The Financial Services Ombudsman (Jersey) Law 2014 and the Financial Services Ombudsman (Bailiwick of Guernsey) Law 2014 each provide for a Financial Ombudsman, independent of the States. The full powers came into effect on 16 November 2015.
CIFO is a joint operation of the two statutory ombudsman roles – operating from a shared office in Jersey, with the same board, ombudsman and staff. It covers financial services provided in/from the Channel Islands of Jersey, Guernsey, Alderney and Sark.
The customer should first take up the complaint with the FSP concerned. If the customer is dissatisfied with the FSP’s reply, the customer may be able to refer the complaint to CIFO.
Broadly, CIFO is able to look at complaints from individual consumers and microenterprises whether or not they are in the Channel Islands – plus small Channel Islands charities.
It is the European Commission’s definition for a small business or economic enterprise (including a sole trader, partnership or company) that employs fewer than 10 people and does not have a yearly turnover or balance sheet of more than €2 million.
Broadly, FSPs involved in banking, lending, money services, insurance, pensions and investments – excluding the managers/functionaries of funds that are not recognized funds (Jersey) or class A funds (Guernsey/Alderney and Sark).
The event that gave rise to the complaint must have happened on or after 1 January 2010 (if the financial services were provided in or from Jersey) or 2 July 2013 (if the financial services were provided in or from Guernsey/Alderney/Sark).
The complaint must be brought to CIFO within 6 years of the event or – if it is later than that – within 2 years from when the complainant should have known that there was reason to complain. The complainant must also refer the complaint to CIFO within 6 months of receiving the FSP’s final decision to their complaint.
CIFO handles enquiries from complainants and FSPs to help them resolve issues between themselves, and to help resolve complaints based on misunderstandings.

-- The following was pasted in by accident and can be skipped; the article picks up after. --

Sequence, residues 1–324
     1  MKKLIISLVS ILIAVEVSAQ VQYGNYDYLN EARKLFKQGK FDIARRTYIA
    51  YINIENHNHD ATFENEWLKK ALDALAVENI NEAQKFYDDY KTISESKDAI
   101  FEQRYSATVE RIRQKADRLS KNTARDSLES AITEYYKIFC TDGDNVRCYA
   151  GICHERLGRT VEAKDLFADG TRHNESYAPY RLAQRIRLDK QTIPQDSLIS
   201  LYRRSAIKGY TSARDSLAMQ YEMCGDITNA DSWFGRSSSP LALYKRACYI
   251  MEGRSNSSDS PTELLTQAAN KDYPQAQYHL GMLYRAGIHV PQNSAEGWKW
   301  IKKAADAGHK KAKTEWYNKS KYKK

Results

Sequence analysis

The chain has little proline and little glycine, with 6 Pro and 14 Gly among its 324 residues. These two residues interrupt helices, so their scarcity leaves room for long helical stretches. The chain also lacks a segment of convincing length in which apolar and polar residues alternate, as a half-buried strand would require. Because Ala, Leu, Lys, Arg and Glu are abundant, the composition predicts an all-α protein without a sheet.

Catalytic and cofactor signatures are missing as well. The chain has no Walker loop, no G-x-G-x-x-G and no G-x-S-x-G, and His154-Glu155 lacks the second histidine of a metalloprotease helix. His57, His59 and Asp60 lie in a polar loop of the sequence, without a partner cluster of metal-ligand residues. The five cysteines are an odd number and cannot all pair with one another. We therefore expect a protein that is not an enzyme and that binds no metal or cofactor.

CIFO will try to resolve the case by mediation – helping the parties to reach a fair settlement. If mediation does not work, CIFO will investigate the case and issue a decision.
As an independent third party, with relevant sector knowledge, CIFO can help the parties ‘see sense’ and come to a mutually-agreed and fair solution. An attempt at mediation is appropriate in most cases, unless there are significant and material disputes of fact or the parties are too-deeply entrenched.
Following the necessary case investigation, a recommendation may be issued by a CIFO member of staff which will tell the parties, based on demonstrable evidence, professional experience and judgement the reasons for the recommendation of how to resolve the case. Both parties can accept or reject this.
Following any necessary investigation, if considered appropriate by CIFO a provisional decision may be issued which will tell the parties what CIFO is minded to decide. The parties can accept or reject this. If either party rejects the provisional decision, an ombudsman will consider any further representations from the parties and then issue a final decision.
There is no appeal against an ombudsman’s decision. If the complainant accepts the decision, it will become legally binding on both parties. If the complainant does not accept an ombudsman’s decision, it does not bind either party. Either party retains any rights they had to pursue the matter against the other in court, subject to the court’s time limits. Like any public body, CIFO may be subject to judicial review by the relevant Royal Court. An ombudsman can award compensation, payable by the FSP, up to a maximum limit of £150,000.
If you wish to complain to an ombudsman about a financial service, usually you should complain to the ombudsman in the country where the financial services were provided: